GTK-4.x is now using this. Builder itself uses it to log internal statistics, tracing data, and counters for troubleshooting. I’ve also put forward patches for GJS to integrate with it. Georges revamped and pushed forward a prototype by Jonas to integrate with Mutter/Shell and get us frame timings and Cogl pipeline data. With some work we can finish off the i915 data sources that Eric Anholt did to correlate GPU commands too.
What this means for developers is that soon we’ll be able to capture system information from various layers in the stack and correlate them using similar clocks. We’re only scratching the surface right now, but it’s definitely promising. It’s already useful to quantify the true performance improvements of merge-requests in Mutter and Shell.
To help achieve this goal during the 3.34 cycle, I’ve started the GNOME Profiling Initiative to track integration of various problem spaces. If you’re an application developer, you can use sysprof_capture_writer_new_for_env() to create a new SysprofCaptureWriter if Sysprof is profiling you (otherwise you’ll get NULL back). Use that to write marks, logs, metadata, files, or anything else you would like to capture.
If you’re interested in helping to write more data collectors, that would be appreciated. Data sources like battery voltage/wattage consumption seem like good candidates so that we can better optimize our platform for battery-based devices.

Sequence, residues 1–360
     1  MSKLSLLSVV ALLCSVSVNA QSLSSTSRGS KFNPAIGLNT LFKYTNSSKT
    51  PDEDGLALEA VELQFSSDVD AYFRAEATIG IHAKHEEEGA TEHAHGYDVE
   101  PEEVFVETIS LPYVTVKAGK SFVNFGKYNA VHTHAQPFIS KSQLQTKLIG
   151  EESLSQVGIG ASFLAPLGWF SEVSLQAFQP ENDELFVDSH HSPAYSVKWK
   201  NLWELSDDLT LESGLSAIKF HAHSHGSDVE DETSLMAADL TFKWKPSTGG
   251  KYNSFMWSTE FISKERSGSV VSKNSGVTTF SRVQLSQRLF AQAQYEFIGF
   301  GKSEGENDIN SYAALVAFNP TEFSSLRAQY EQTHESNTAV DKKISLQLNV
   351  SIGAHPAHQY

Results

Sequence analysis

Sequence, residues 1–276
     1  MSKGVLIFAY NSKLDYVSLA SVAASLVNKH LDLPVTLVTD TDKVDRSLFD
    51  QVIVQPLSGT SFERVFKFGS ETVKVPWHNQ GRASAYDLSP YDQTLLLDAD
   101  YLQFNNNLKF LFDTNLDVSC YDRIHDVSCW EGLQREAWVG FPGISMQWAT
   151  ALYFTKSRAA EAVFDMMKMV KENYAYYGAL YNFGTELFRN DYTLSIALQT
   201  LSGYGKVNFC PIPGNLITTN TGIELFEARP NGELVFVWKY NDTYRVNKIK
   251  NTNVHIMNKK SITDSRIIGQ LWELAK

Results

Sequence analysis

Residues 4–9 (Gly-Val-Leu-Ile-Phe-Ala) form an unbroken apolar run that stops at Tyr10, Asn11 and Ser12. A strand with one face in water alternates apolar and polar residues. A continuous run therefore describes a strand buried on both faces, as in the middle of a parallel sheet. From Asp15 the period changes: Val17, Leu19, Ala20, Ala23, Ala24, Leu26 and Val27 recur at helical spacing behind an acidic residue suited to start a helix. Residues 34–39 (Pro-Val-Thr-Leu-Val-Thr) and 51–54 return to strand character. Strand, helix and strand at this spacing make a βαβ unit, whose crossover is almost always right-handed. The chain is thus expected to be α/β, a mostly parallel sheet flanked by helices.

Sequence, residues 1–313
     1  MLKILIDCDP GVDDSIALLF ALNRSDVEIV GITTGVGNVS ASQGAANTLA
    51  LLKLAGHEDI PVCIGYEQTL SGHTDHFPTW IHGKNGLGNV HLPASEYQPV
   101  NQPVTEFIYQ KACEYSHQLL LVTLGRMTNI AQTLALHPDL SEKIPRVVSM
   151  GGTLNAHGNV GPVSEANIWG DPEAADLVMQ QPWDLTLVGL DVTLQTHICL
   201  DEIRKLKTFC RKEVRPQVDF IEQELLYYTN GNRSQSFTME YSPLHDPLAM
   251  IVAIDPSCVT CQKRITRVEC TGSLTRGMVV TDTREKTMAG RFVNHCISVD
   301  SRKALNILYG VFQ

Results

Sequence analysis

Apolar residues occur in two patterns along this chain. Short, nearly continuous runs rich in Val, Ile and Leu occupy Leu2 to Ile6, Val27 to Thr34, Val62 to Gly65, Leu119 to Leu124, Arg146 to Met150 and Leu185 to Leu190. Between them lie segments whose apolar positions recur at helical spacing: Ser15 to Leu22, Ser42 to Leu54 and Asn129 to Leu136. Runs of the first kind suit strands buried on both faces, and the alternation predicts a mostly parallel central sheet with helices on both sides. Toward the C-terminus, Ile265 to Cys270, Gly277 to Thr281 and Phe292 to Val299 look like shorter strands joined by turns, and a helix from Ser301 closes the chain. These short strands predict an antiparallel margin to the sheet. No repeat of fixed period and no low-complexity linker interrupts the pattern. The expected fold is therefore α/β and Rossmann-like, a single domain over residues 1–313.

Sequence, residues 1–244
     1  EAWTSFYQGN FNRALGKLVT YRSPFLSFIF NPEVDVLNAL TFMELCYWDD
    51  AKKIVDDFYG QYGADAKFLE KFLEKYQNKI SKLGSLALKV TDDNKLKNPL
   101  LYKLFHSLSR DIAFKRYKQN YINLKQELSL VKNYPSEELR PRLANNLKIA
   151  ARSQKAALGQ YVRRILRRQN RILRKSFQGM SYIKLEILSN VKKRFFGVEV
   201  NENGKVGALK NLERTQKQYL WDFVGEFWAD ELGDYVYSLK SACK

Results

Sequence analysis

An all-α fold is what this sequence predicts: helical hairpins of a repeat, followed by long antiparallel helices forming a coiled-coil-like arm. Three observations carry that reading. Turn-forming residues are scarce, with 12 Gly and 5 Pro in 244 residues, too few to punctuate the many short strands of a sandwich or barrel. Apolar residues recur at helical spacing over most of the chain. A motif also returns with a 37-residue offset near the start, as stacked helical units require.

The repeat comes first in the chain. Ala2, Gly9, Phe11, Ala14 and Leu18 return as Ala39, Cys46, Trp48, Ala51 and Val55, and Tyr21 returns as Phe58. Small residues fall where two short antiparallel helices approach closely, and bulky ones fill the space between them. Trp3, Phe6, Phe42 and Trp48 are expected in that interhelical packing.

As I mentioned in my talk at Scale 17x, if you aren’t using containers for building your application yet, it’s likely you will in the not-so-distant future. Moving towards an immutable base OS is a very likely future because the security advantages are so compelling. With that, comes a need for a mutable playground, and containers generally fit the bill. This is something I saw coming when I started making Builder so we have had a number of container abstractions for some time.
With growing distributions, like Fedora’s freshly released Silverblue, it becomes even more necessary to push those container boundaries soon.
This week I started playing with some new ideas for a terminal workspace in Builder. The goal is to be a bit of a swiss-army knife for container oriented development. I think there is a lot we can offer by building on the rest of Builder, even if you’re primary programming workhorse is a terminal and the IDE experience is not for you. Plumbing is plumbing is plumbing.
I’m interested in getting feedback on how developers are using containers to do their development. If that is something that you’re interested in sharing with me, send me an email (details here) that is as concise as possible. It will help me find the common denominators for good abstractions.
What I find neat, is that using the abstractions in Builder, you can make a container-focused terminal in a couple of hours of tinkering.
I also started looking into Vagrant integration and now the basics work. But we’ll have to introduce a few hooks into the build pipeline based on how projects want to be compiled. In most cases, it seems the VMs are used to push the app (and less about compiling) with dynamic languages, but I have no idea how pervasive that is. I’m curious how projects that are compiling in the VM/container deal with synchronizing code.